Otol Joler Gaan Fluidity of melody | The Daily Star
12:00 AM, June 02, 2013 / LAST MODIFIED: 10:01 PM, June 01, 2013

Album Review

Otol Joler Gaan Fluidity of melody

a03Joler Gaan, a folksy-fusion group of eccentric musicians looking to create new sounds, released debut album “Otol Joler Gaan” recently, and delivered to the promise it had shown in live performances previously.

The album opens with “Pata'r Gaan”, a happy song phrased in the form of a monologue to an upbeat arrangement that immediately hooks the listener. Next comes “Dure Thaka Megh”, in a more melancholic tone -- with wailing notes of bowed string instruments and touchy lyrics. This is followed up with “Brishti'r Gaan”, a free-flowing song catching the essence of a rainy day in a village.

“Kagojer Nouka”, the next track on queue, circles back to the joviality of the opening song. Short, simple-worded lyrics dance along a harmonica-and-guitar background in a catchy pattern on a loop.

“Bokul Phool” is track 5, and is one of the most popular tracks of the album. Flavours of folk are strong in this one, starting from the tune, the use of ektara, the rural-accented lyrics and the bold vocal projections.

The next song, “Aayna”, hits the listeners with a surprise after a beautiful intro -- a raw, earthy female voice. The interludes are slightly elongated, building up into a crescendo near the third quarter of the track with a lovely backing of an acoustic double-bass.

“Jhora Pata'r Gaan” opens with a dramatic intro, and the opening verse catches the listener with its lyrical intensity. Percussion work is beautifully expressive here, with a humming back-vocal through almost the entire lyric and a very theatrical arrangement.

“Urchhi Keno?” is the next song, characterised by subtle works of the violin on a flute-strong track. Transition patterns and vocal throws set this track apart, along with an interesting close.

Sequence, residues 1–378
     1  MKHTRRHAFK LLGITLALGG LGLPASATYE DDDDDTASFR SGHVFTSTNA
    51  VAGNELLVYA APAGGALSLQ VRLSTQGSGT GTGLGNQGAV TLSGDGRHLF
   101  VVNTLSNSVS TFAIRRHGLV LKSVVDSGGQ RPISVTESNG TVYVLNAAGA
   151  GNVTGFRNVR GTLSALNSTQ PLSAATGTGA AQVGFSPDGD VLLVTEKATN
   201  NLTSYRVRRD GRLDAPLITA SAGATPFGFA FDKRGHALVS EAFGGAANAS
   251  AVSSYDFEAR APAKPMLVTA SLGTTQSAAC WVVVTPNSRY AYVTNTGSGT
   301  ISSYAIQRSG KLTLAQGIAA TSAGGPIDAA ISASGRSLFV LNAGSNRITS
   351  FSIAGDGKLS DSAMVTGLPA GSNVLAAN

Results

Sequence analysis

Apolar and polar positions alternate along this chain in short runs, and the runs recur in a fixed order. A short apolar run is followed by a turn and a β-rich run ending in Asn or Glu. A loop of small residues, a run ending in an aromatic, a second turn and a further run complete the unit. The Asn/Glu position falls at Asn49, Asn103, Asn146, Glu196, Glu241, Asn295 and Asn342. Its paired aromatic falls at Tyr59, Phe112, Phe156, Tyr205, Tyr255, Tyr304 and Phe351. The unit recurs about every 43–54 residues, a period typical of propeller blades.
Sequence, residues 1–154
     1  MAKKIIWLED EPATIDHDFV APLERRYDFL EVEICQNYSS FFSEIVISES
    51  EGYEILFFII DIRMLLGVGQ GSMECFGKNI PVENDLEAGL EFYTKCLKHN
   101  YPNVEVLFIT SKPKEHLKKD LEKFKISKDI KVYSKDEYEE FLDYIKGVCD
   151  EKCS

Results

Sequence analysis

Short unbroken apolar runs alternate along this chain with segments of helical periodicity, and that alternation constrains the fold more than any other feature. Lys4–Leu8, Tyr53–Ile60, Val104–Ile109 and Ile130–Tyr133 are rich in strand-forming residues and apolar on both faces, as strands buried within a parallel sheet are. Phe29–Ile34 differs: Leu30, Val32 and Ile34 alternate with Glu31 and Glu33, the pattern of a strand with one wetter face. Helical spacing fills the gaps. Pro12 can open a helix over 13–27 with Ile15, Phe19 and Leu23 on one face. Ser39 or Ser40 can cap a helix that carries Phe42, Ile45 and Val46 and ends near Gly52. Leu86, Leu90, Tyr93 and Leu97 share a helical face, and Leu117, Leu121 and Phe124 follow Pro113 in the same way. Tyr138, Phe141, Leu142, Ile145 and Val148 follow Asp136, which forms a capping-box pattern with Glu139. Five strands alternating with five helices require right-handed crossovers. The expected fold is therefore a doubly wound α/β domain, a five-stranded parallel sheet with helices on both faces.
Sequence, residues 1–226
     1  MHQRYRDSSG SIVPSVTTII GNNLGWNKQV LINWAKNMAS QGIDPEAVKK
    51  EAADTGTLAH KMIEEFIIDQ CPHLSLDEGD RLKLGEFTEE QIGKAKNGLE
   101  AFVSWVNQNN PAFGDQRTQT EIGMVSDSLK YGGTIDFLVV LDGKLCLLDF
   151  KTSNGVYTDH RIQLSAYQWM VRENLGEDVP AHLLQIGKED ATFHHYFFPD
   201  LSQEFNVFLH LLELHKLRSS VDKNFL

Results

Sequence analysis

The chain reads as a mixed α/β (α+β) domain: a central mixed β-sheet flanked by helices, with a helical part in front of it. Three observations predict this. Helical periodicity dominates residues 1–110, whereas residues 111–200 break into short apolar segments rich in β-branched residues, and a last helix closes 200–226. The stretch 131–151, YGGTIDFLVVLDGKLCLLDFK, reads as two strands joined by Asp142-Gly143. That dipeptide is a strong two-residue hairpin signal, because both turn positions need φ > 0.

“Rong'er Gaan” follows, back into the groove of carefree singing and the instruments playing along almost casually. The next track (“Emon Jodi Hoto”) begins with chirping birds and a strum of the guitar, while the vocal ponders how awesome it would be if he were a bird or a butterfly. The last track, “Baula Batash”, almost leaves the listener with a sadness that the album has come to a close. The track remains “hollow” during the high-octave vocal parts, as if to almost bid adeiu to the listeners.

The album is rich yet easy; lyrically and musically, there is experimentation, but it never goes haywire. The signature of Joler Gaan's music is its connection to nature -- and that remains the most striking feature of the album. The band's lineup includes Rahul Anand, Kanak Aditya, Jarnal, Rana Sarwar, Shariful Islam, Sanjay, ABS Xem and Shyamal; most of them are from the fine arts background and/or currently involved with theatre, and that impression is left on the album -- be it in the innovative arrangements or use of ambient sounds.

It's safe to say this refreshing album will find its place in the playlists of anyone who loves melody and nature.

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